Study: Alpha Tocopherol Slows AD Progression

<p>Vitamin E alpha tocopherol supplementation may slow functional decline in patients with mild to moderate Alzheimer's disease, according to new research published in the Journal of the American Medical Association.</p>

WASHINGTONVitamin E alpha tocopherol supplementation may slow functional decline in patients with mild to moderate Alzheimer's disease, according to new research published in the Journal of the American Medical Association. For the double blind, placebo-controlled, randomized clinical trial, patients (n=613) received either 2000 IU/d of alpha tocopherol, 20 mg/d of memantine , a combination  or placebo (JAMA. 2014;311(1):33-44.).

Researchers measured Alzheimers Disease Cooperative Study/Activities of Daily Living (ADCS-ADL) Inventory scores, which range from 0 to 78, in addition to determining cognitive, neuropsychiatric, functional, and caregiver outcomes. With an average follow-up of 2.27 years, alpha tocopherol patients' scores declined 3.15 units less than the placebo group. " This change in the alpha tocopherol group translates into a delay in clinical progression of 19 percent per year compared with placebo or a delay of approximately 6.2 months over the follow-up period," researchers noted.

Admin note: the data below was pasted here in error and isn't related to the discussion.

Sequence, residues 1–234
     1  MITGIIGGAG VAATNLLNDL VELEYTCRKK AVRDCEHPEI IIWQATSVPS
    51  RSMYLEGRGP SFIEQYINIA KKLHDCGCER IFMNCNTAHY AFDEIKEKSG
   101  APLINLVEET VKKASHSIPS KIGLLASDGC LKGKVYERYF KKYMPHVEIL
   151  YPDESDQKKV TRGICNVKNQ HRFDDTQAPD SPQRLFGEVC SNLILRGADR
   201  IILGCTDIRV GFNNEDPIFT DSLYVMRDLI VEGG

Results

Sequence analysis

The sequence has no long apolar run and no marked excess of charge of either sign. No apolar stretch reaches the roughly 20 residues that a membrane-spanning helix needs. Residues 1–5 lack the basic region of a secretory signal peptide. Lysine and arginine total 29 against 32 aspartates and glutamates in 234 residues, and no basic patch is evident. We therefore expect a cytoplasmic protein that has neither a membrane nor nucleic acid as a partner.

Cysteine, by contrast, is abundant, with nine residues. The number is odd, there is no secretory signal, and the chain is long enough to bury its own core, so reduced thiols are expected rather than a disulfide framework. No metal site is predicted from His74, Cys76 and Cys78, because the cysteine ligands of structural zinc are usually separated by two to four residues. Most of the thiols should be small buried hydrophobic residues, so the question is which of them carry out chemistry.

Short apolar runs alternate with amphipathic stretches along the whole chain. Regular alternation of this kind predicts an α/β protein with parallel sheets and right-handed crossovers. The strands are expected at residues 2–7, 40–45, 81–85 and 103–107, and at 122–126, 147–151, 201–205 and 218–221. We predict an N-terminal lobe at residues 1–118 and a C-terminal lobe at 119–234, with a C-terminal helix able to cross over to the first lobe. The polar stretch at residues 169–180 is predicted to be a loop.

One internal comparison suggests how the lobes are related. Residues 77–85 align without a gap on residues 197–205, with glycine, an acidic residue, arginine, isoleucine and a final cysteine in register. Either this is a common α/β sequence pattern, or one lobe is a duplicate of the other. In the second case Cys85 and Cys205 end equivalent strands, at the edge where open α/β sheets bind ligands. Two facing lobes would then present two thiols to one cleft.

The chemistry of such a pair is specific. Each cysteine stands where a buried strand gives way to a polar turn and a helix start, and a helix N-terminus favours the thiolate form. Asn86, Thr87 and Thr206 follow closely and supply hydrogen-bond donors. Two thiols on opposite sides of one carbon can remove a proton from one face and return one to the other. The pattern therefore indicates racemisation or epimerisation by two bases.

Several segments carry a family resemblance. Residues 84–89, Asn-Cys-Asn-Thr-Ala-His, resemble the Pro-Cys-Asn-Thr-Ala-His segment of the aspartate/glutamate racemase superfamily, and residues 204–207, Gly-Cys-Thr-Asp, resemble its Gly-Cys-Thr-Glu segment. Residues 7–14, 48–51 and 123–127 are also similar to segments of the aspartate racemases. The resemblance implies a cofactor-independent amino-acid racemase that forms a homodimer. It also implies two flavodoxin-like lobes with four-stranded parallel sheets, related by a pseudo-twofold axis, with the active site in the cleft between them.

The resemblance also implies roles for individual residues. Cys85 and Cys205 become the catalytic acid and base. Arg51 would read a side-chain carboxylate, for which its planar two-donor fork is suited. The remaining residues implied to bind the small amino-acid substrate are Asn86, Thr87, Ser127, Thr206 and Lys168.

Additionally, the study confirmed the vitamin's safety, which has been called into question recently. "This new study demonstrates that scientists seeking to slam the door on vitamins, and new vitamin research, is the antithesis of what science is all about," said MacKay, N.D., vice president, scientific and regulatory affairs, Council for Responsible Nutrition (CRN). The study authors stated they found no significant increase in mortality with vitamin E.

"These results point to a powerful role of integrating proper nutrition into disease management, and provide hope for Alzheimers patients and their care givers," MacKay said. "However, the dietary supplement industry should be reminded that dietary supplements cannot be marketed or sold to consumers as a disease treatment, and we recommend that those suffering with Alzheimers disease rely on the advice of a trusted doctor as to the appropriate treatment plan. Self-dosing at the levels studied in this trial are not recommended." 

 

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